Jenni-Eiermann, S., F. Helfenstein, A. Vallat, G. Glauser & L. Jenni (2015)

Corticosterone: effects on feather quality and deposition into feathers.

Further information

Methods Ecol. Evol. 6: 237–246



1. The concentration of the glucocorticoid hormone corticosterone (CORT) is increasingly used in ecology and conservation biology as an integratedmeasure of the historical record of an individual’s hypothalamo–pituitary– adrenal (HPA) activity during feather growth. However, where and how CORT is incorporated in feathers is incompletely known.
2. We therefore examined whether CORT is reliably measured with an enzyme immunoassay, where CORT is incorporated in the feather and where it affects feather quality, and whether CORT incorporation is related to plasma CORT levels, feather growth rate andmelanin pigmentation.
3. During the regrowth of plucked tail feathers, we injected pigeons with tritium-labelled CORT, and implanted a CORT-releasing pellet to increase plasma CORT concentration for about 3 days. In feather segments, wemeasured labelled CORT (DPM3H) and we quantified CORT with an enzyme immunoassay EIA (CORTEIA) and double-checked the results with ultra-high performance liquid chromatography–tandem mass spectrometry (LCMS) (CORTMS).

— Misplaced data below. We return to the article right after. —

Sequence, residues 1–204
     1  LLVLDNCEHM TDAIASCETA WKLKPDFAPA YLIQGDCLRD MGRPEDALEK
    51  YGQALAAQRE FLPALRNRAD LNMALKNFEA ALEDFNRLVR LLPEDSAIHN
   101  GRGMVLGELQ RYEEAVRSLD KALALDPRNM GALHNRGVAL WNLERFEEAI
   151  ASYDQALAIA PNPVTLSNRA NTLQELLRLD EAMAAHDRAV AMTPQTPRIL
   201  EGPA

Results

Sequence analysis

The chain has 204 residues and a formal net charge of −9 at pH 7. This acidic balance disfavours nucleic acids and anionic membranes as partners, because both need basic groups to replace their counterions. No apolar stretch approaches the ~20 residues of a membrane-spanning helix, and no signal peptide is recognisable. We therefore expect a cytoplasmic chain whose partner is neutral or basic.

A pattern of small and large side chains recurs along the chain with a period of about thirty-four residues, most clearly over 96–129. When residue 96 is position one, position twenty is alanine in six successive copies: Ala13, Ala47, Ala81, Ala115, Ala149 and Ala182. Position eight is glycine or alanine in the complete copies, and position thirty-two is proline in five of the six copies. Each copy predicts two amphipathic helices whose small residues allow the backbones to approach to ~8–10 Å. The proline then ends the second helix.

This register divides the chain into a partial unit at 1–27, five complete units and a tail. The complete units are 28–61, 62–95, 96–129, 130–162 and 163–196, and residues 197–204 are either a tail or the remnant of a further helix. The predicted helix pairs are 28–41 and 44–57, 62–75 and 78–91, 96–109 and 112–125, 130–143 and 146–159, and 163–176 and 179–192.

4. Administered CORT affected feather structure and colour at the very base of the feather (epidermal collar, ramogenic zone) and reduced growth rate. In contrast, incorporation of CORT into the feather happened mainly in the blood quill, as shown with all threemethods (DPM3H, CORTEIA and CORTMS).
5. Incorporation of CORT into feathers was only roughly proportional to plasma concentration, proportional to feather growth rate and increased withmelanin pigmentation.
6. Measuring CORT in feather is a way to reveal past events of increased stress during feather growth in birds.
Keywords:: corticosterone, corticosterone incorporation, fault bar, feather, feather growth rate, melanin